Copper

  • pure copper without additives
  • very high bioavailability
  • easy to swallow, vegetarian capsules
  • very good price/value ratio

Copper - The connective tissue and nerve mineral

Among other things, copper plays an important role in bone growth, connective tissue and pigmentation of the skin and hair.

If you're looking to buy copper, you've come to the right place. Here you will find copper products of the highest quality and bioavailability, guaranteed to be free from unwanted additives and allergens. Before you buy copper tablets or capsules, here you will be able to find out what you need to consider.

As an essential trace element, copper is crucial for the structure and elasticity of connective tissue throughout the body. Healthy connective tissue is the basis for beautiful skin, strong bones and elastic blood vessels. Copper is also involved in the pigmentation of the skin and hair. As a component of many enzymes, copper protects cells from free radicals.

Copper has a germicidal effect and is also contained in the intrauterine device used for contraception.

As a trace element, copper has to be supplied to the body with your daily meals.

What is copper

  • It is also a trace element that must be taken with the daily diet.
  • It plays an important role in the formation of red blood cells in the human body.
  • It is also important for the connective tissue formation and bone growth.
  • Copper is part of a large number of enzymes that protects against free radicals.
  • The trace element is involved in iron metabolism and helps absorb iron from food

Copper effect

In an adult human body, there is an average of 100 to 150 milligrams of copper, mainly in the brain, internal organs, muscles and skeleton.

Copper is mainly bound to proteins and is also a component of various enzymes that protect against free radicals.

Copper plays an essential role in iron metabolism and thus in the build-up of red blood cells. These in turn enable oxygen to be absorbed from the air we breathe and to distribute it to the body cells. Only with a sufficient supply of oxygen can this perform their tasks in the human body.

In addition to this, copper is also involved in the pigmentation of the skin and hair. It promotes wound healing and supports the development of bones and connective tissue as well as the formation of nerve fibres.

Copper is recommended for:

  • long-term use of zinc supplements
  • pathological obesity
  • excessive alcohol consumption
  • after surgeries
  • during chemotherapy and radiation
  • after major blood loss and burns

Which foods contain copper?

The trace element copper must be supplied to the body with your daily food. It is contained in offal, especially in veal or beef liver, but also in shellfish such as crab and lobster, as well as in whole grain cereals, especially buckwheat.

It is also found in cocoa and nuts, in legumes and some green vegetables. In fact, it is also absorbed through the water, provided that households have copper pipes.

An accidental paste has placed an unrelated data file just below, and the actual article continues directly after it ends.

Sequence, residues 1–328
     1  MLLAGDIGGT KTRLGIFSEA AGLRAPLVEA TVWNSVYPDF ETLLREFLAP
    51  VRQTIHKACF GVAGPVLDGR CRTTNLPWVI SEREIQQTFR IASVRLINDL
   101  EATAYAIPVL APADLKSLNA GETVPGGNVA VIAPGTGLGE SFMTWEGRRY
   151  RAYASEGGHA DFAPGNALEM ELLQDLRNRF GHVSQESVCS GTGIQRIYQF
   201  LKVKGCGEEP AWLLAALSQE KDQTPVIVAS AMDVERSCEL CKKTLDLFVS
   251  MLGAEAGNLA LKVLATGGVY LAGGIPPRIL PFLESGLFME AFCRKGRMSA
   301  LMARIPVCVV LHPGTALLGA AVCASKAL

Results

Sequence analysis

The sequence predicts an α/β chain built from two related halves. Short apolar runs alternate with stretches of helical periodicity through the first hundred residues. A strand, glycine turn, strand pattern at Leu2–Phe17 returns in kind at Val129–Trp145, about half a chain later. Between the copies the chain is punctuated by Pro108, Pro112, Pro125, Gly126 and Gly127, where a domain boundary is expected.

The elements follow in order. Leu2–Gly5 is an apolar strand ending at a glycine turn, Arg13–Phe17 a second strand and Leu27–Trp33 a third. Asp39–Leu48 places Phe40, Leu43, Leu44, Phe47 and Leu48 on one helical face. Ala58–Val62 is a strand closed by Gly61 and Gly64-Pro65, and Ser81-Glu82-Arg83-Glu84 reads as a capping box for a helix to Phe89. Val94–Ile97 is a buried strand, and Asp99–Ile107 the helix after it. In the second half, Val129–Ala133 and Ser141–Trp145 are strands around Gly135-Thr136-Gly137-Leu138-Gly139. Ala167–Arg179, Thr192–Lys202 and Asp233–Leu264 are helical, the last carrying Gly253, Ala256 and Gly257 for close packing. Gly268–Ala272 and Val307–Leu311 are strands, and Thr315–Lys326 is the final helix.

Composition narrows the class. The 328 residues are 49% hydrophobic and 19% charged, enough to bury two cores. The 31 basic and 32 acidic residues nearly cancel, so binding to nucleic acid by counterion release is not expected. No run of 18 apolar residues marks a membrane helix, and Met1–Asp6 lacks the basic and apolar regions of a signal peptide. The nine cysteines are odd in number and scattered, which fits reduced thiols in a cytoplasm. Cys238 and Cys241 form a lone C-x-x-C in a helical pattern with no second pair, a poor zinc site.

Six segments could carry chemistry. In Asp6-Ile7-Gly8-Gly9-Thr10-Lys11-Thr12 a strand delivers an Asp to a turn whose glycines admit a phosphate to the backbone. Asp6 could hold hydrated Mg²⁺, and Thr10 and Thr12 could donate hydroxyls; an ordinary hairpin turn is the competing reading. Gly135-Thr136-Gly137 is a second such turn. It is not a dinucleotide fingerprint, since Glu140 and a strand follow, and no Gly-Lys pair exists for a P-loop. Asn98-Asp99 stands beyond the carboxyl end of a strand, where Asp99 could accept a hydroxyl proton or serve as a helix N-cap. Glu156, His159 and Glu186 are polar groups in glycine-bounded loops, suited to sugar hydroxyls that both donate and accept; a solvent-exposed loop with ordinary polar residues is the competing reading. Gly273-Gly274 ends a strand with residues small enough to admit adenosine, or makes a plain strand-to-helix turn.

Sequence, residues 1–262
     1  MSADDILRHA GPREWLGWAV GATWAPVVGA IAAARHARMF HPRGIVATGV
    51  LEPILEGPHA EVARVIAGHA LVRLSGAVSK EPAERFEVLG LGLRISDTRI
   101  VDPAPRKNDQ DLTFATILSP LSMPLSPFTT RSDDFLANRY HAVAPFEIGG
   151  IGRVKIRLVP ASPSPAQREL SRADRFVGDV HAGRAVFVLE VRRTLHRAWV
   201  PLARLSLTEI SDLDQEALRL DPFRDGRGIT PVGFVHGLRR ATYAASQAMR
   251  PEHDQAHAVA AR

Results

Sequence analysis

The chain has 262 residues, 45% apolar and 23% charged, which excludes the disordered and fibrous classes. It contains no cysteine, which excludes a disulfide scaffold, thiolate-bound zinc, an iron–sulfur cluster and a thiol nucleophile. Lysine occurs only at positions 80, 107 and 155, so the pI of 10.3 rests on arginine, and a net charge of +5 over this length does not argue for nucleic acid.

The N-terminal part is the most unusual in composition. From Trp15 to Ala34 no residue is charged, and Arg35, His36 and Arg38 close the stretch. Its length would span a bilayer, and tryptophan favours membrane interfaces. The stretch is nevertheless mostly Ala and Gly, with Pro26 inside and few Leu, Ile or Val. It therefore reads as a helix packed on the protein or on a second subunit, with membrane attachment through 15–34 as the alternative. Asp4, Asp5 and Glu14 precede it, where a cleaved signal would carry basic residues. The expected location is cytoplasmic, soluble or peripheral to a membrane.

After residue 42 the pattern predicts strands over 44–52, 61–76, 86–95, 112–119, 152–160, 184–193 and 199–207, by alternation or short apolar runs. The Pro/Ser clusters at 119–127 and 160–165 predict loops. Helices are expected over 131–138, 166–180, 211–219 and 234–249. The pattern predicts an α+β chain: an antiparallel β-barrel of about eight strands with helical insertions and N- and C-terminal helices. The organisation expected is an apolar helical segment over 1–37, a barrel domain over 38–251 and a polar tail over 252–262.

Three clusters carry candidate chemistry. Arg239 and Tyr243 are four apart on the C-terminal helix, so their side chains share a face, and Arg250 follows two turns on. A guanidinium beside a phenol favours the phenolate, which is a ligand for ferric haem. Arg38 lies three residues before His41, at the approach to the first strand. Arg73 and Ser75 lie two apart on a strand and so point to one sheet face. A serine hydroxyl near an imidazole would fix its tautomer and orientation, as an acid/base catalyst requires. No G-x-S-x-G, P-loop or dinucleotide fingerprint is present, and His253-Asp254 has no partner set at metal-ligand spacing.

If there is an insufficient supply through the food intake, then copper can be taken in the form of food supplements.

How does a copper deficiency show itself?

A disruption on the formation of red blood cells caused by copper deficiency leads to a lack of colourants and at the same time to a reduced absorption of iron from food, which can manifest itself through:

  • Pigmentation disorders in the skin
  • Dysfunction of the immune system
  • Early greying of hair
  • Fatigue and difficulty concentrating
  • Difficulty breathing
  • Frequent infections and skin diseases
  • Hair loss
  • Depressions
  • Fragility of the bones
  • Fertility disorders

Copper intake and application:

Children under 7 years of age have a copper requirement of 0.5 to 1.0 milligrams per day, while adults and children from 7 years of age need 1 to 1.5 milligrams of copper per day, which is regularly consumed through a balanced and healthy diet.

For whom is copper particularly important?

Copper is especially important for people who suffer from a copper deficiency caused by malnutrition, under-nutrition, or a nutritional deficiency.

These include:

  • Overweight people
  • People who take zinc supplements for a long time
  • Alcoholics
  • People who have had an operation or are undergoing chemotherapy
  • People who have an increased need for copper due to certain circumstances, for example after major blood loss and burns
  • People who suffer from migraines and headaches

What experts say about copper:

There are various current studies that show that an undersupply of copper and zinc are partly responsible for Alzheimer's disease. Together, they most likely have the ability to at least stop the insidious memory loss.

It is clear that the copper deficiency that develops in the course of Alzheimer's disease should be corrected because both copper and zinc are elementary vital substances for maintaining the memory function.

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